4. There are both Asian and African pangolin species. Four of each.  In Africa, the four pangolin species are: 

  • Tree or African white-bellied pangolin (Phataginus tricuspis - Vulnerable),
  •  Giant ground pangolin (Smutsia gigantea - Vulnerable),
  • Cape or Temminick's ground pangolin (Manis temminickii - Vulnerable) and the
  • Long-tailed or black-bellied pangolin (Uromanis tetradactyla - Vulnerable)

5. Pangolins are native in 15 African countries where its predators are leopards, hyenas and humans. In South Africa, electric fences are a major threat to ground pangolins. The shock of the fence causes the pangolin to roll up into its defensive ball, which prolongs the shock causing death (the mortality rate due to electric fencing is estimated at 2~13% of their total population each year). 

  African ground pangolins and solitary and nocturnal - here's one at night, on the move.  Photo Credit: Luke Massey/WildScreen Exchange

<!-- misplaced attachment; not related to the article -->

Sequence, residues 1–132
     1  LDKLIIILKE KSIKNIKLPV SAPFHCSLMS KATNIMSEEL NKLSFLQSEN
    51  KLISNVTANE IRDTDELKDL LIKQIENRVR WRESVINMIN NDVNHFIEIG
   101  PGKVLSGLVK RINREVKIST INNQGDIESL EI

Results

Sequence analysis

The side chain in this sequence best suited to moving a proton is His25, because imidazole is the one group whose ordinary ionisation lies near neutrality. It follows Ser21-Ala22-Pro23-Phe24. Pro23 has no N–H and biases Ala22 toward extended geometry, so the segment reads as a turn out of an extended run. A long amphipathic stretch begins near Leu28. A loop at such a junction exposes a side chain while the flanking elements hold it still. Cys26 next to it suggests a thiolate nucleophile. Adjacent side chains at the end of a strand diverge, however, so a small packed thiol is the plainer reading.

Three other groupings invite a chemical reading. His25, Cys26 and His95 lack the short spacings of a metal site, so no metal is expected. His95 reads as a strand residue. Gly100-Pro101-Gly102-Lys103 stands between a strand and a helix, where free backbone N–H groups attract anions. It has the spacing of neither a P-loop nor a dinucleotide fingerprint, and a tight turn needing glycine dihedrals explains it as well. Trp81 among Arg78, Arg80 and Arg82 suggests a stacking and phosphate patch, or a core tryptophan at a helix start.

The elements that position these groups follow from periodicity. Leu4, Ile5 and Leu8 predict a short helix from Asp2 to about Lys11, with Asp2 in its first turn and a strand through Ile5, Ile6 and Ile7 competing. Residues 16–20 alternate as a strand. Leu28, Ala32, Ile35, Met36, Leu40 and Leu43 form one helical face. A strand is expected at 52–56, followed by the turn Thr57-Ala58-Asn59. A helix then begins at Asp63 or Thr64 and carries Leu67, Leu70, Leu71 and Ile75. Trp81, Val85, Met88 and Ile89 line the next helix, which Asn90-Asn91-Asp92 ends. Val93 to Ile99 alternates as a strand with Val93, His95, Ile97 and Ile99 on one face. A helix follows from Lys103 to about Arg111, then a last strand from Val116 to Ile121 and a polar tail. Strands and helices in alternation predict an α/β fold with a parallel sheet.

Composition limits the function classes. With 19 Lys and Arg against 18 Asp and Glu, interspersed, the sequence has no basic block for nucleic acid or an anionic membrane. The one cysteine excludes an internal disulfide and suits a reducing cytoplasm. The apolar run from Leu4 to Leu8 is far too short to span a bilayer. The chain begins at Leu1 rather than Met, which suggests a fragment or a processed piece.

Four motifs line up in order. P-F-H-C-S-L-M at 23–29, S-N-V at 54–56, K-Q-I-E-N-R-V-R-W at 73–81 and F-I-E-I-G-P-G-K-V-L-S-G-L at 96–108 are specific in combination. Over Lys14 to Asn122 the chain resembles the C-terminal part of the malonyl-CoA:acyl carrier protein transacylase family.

African ground pangolins and solitary and nocturnal - here's one at night, on the move. Photo Credit: Luke Massey/WildScreen Exchange

6. The only species of pangolin found in South Africa is the ground pangolin also known as Temminick's ground pangolin or the Cape pangolin. The Temminick ground pangolin looks a bit like a mini T-Rex when it walks. It curls up its front claws and walks on its knuckles or wrists, with its head swaying from side to side. They are also surprisingly good swimmers, and like to live near a water source. They are an amazing sight for those lucky enough to see one in the wild - a very rare sighting! 

7.  African ground pangolins prefer their own company, living mostly solitary and nocturnal lives. Males and females find each other during mating season which takes place in late summer to early autumn. 

8. African pangolins give birth to a single baby pangolin at a time whereas the Asian species have been known to give birth to litters of up to three.  When born, the baby pangolin scales are soft, taking several days to harden and darken. If the Mother pangolin senses danger, she will wrap her body around her baby to protect it. Baby pangolins are weaned at approximately three months and begin to eat insects on their own. Once they turn two years old, they leave they are abandoned by their mother.